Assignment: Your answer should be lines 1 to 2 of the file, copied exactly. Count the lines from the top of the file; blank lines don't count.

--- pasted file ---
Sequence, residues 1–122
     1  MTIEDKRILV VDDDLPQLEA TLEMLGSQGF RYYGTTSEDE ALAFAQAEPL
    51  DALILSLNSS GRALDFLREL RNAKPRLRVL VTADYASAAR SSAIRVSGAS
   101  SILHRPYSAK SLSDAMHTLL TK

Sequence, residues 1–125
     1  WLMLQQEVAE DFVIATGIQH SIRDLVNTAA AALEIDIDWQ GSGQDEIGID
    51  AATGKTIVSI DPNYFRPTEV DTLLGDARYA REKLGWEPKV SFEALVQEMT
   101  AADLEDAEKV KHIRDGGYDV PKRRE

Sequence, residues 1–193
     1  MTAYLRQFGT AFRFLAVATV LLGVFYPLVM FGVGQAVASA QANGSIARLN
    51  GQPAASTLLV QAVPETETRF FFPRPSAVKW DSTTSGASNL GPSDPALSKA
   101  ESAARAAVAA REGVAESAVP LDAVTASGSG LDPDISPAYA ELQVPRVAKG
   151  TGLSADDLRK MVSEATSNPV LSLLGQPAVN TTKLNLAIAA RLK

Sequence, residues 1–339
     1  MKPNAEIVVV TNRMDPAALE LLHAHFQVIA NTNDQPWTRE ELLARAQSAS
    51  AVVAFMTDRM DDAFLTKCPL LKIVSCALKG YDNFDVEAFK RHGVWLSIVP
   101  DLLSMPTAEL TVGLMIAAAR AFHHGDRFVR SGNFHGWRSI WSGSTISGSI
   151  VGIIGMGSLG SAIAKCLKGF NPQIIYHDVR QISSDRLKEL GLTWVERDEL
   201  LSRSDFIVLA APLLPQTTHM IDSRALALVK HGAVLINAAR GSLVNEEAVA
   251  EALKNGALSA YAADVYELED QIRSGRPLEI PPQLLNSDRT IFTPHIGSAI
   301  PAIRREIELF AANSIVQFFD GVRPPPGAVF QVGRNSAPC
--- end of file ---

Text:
Sequence, residues 1–122
     1  MTIEDKRILV VDDDLPQLEA TLEMLGSQGF RYYGTTSEDE ALAFAQAEPL